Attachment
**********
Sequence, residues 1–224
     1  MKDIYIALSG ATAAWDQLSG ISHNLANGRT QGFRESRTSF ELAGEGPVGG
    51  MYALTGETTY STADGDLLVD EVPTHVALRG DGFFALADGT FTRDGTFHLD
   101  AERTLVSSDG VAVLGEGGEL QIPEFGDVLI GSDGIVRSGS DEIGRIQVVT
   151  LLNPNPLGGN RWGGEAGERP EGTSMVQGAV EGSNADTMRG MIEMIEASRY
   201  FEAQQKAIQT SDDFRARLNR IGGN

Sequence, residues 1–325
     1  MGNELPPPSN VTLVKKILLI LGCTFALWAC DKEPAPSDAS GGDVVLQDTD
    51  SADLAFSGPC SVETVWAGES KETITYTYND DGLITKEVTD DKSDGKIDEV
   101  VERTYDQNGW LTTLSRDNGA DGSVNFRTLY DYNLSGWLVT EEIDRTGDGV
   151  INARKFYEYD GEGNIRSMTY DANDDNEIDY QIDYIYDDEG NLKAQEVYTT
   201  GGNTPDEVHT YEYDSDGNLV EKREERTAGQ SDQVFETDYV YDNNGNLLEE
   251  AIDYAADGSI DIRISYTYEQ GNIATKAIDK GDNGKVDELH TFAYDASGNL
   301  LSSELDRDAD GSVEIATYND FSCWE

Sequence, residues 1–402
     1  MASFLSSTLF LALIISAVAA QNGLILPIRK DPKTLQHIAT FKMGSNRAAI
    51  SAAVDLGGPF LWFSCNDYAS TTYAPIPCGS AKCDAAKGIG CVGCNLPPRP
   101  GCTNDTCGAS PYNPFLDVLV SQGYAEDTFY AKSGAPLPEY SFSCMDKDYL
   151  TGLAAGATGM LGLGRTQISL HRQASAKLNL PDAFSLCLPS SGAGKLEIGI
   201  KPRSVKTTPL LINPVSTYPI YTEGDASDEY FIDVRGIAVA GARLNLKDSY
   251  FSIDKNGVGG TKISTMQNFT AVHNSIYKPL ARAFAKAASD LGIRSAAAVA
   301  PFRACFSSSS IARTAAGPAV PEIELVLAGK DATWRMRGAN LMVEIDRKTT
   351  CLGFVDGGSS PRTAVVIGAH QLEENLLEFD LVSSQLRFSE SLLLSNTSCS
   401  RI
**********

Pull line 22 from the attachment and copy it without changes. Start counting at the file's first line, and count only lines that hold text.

   301  PFRACFSSSS IARTAAGPAV PEIELVLAGK DATWRMRGAN LMVEIDRKTT